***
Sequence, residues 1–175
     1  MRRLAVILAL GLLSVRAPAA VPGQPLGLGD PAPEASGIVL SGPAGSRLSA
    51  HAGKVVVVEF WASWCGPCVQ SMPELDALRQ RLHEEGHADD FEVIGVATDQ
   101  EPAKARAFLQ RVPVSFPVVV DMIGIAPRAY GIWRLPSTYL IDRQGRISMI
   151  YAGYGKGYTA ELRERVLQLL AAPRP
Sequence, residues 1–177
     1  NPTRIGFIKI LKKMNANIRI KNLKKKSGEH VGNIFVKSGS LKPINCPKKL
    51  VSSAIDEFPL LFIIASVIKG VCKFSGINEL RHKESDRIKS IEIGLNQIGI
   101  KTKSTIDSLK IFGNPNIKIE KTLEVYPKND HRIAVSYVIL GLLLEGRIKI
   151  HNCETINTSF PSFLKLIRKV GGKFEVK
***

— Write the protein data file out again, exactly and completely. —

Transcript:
Sequence, residues 1–175
     1  MRRLAVILAL GLLSVRAPAA VPGQPLGLGD PAPEASGIVL SGPAGSRLSA
    51  HAGKVVVVEF WASWCGPCVQ SMPELDALRQ RLHEEGHADD FEVIGVATDQ
   101  EPAKARAFLQ RVPVSFPVVV DMIGIAPRAY GIWRLPSTYL IDRQGRISMI
   151  YAGYGKGYTA ELRERVLQLL AAPRP
Sequence, residues 1–177
     1  NPTRIGFIKI LKKMNANIRI KNLKKKSGEH VGNIFVKSGS LKPINCPKKL
    51  VSSAIDEFPL LFIIASVIKG VCKFSGINEL RHKESDRIKS IEIGLNQIGI
   101  KTKSTIDSLK IFGNPNIKIE KTLEVYPKND HRIAVSYVIL GLLLEGRIKI
   151  HNCETINTSF PSFLKLIRKV GGKFEVK